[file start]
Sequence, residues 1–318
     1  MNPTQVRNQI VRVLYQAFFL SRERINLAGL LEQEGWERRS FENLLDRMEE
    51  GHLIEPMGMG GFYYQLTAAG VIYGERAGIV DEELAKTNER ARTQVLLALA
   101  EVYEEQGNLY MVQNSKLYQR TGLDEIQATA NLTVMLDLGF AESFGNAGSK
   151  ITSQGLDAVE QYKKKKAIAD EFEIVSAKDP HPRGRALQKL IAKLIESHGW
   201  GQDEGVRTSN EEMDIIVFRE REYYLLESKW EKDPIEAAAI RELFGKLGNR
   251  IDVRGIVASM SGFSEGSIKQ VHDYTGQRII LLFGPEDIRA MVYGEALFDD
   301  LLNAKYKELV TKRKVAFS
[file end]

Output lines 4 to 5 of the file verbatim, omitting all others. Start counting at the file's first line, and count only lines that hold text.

   101  EVYEEQGNLY MVQNSKLYQR TGLDEIQATA NLTVMLDLGF AESFGNAGSK
   151  ITSQGLDAVE QYKKKKAIAD EFEIVSAKDP HPRGRALQKL IAKLIESHGW